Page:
While the jury convicted Mr. Ulbricht based on the testimony of experts called forth by the prosecution, how is it possible for the average layman to even understand the mind-boggling cryptography of Bitcoin and the advanced technology behind Tor, let alone reach a conclusion beyond a reasonable doubt?
Do we need to review the legal system in cases like these and appoint specialist juries with the ability to understand what is going on?
Do we need to amend laws to deal with these types of cases so that defendants have a chance to prove they have been set up, like Mr. Ulbricht claims he was?
How can we convict one man for a crime when it is clearly known that there were at least four people logging in under the pseudonym “Dread Pirate Roberts” on a 24-7 basis? How can we tell which crimes he is guilty of and which crimes may have been the doing of someone else?
How can law enforcement convict someone of crimes which he committed in North Korea (technically) while sitting in his living room in New York?
Does an individual have a right to privacy for example by denying federal agents access to their computer unless they can show probable cause?
What happens if a hacker logs into your account and uses your computer to conduct illegal activity? How can you protect yourself?
These are profound but important questions which we need to come to grips with.
Summary & Final Thoughts
Love it or hate it, the Darkweb and websites like Silkroad are here to stay and are growing stronger and bigger by the day. They are now de-centralizing so that it will be basically impossible for law enforcement to bust them effectively in the future. Just as Napster evolved into Bit Torrent, and so sites like Silk Road are evolving into peer-to-peer networks with no central server, too.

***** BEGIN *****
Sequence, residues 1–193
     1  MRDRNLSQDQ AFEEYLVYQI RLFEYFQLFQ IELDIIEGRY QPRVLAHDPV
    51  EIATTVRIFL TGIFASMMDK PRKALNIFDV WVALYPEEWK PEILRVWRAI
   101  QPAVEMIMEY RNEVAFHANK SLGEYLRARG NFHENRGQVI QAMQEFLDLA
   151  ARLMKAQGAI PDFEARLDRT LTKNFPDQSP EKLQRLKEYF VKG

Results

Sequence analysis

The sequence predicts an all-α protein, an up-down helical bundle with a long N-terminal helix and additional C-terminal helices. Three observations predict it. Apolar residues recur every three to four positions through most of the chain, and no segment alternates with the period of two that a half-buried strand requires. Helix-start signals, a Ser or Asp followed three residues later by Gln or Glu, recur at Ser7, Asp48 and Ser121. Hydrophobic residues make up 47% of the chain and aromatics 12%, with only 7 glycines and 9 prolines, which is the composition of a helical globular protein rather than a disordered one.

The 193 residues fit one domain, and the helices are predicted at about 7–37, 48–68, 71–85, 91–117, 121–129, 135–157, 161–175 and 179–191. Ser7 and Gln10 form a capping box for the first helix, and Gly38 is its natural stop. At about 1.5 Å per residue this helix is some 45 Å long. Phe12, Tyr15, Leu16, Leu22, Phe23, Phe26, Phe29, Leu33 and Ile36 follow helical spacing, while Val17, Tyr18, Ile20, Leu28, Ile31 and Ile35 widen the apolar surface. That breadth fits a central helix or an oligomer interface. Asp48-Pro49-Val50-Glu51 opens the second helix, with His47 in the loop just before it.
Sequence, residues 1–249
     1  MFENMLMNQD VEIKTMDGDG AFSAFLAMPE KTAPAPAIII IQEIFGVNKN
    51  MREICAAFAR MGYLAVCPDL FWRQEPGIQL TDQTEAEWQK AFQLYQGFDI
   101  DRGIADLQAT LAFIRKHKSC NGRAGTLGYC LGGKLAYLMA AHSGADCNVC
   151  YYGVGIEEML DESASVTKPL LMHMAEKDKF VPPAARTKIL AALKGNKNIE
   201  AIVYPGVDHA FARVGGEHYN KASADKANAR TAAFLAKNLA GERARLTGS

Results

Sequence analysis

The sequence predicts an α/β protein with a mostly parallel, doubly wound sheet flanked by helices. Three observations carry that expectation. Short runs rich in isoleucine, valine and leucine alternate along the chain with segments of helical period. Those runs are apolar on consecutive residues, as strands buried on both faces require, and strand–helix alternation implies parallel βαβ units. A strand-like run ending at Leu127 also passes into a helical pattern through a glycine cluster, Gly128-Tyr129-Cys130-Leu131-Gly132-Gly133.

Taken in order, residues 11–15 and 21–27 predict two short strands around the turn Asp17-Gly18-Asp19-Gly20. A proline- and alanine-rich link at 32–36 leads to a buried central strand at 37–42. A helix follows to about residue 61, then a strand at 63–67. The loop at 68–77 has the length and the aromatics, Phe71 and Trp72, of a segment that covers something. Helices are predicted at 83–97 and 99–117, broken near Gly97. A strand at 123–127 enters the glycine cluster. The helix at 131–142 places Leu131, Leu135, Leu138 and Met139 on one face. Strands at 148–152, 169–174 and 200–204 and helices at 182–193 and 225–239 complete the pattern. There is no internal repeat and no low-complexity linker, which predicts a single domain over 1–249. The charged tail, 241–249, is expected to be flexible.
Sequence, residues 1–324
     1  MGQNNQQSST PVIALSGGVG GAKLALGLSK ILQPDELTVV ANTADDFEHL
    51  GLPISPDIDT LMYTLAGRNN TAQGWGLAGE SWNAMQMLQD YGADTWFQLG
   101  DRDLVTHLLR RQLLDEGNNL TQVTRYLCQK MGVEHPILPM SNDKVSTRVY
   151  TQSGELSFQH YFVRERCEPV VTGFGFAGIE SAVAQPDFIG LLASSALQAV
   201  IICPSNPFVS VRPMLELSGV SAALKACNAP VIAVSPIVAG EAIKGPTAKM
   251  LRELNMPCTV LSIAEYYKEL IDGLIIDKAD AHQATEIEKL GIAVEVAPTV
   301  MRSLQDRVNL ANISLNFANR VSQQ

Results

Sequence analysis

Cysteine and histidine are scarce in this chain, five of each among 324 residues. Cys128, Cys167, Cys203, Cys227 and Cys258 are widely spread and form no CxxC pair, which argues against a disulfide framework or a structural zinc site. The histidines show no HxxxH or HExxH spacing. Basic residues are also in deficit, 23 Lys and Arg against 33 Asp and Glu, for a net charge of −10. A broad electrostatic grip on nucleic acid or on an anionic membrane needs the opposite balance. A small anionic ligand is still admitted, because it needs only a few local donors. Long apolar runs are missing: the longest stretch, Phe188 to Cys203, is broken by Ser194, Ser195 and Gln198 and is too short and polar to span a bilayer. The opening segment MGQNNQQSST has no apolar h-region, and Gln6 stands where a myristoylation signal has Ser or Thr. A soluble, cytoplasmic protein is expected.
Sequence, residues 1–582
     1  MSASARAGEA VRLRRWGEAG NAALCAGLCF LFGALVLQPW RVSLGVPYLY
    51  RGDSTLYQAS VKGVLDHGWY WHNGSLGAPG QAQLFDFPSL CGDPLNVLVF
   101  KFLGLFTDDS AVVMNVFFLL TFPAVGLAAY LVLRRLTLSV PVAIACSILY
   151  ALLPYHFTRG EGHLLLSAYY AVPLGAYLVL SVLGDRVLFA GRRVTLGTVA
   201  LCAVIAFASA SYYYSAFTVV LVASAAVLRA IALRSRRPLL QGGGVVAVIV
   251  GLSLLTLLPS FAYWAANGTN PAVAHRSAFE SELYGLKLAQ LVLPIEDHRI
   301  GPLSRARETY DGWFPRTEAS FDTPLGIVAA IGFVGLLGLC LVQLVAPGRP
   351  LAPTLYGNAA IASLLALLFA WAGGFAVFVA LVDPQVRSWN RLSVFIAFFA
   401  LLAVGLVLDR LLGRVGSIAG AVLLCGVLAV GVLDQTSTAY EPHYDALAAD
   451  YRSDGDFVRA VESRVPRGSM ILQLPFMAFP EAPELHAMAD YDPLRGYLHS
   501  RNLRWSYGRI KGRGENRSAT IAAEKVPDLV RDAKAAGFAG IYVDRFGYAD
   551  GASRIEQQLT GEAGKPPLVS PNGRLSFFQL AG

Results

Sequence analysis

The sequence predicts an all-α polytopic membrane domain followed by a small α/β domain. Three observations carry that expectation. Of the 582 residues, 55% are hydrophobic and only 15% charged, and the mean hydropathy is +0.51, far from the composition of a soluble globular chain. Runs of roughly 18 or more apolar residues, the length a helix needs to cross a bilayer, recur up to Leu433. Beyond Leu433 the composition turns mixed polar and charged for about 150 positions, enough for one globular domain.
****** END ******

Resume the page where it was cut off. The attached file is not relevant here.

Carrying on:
These questions will not simply disappear and go away. We as a society have to face them, work them out and come up with answers. Technology has changed everything and now everything must change to meet it on its own ground.
The life of Ross Ulbricht, a thrity year old libertarian idealist from Texas who loved his family and believed in freedom, yet who clearly crossed legal lines with severe consequences, is over. He maintains his innocence and says that he relinquished control of the website early on and was later set up as the fall guy when the heat was on.
Nobody will ever know if he is telling the truth because there are only a small percentage of people on the planet with the ability to fully understand this technology and what really happened.
How do you know that on any given day a hacker is not taking over your IP address and using your computer to engage in less than wholesome activities for which you could potentially get into trouble and unless you understand how all of this works, would be unable to prove your innocence?
To me, that’s a terrifying thought and it needs to be addressed urgently, for all of our sakes.
So what is your opinion? What laws need to change to catch up with advances in technology? Should we appoint juries with advanced technical understanding in cases like these? How do you feel about Ross Ulbricht? Did he get what was coming to him or is it at least possible he was set up?
We’d love to hear from you on these issues. Feel free to leave a comment below.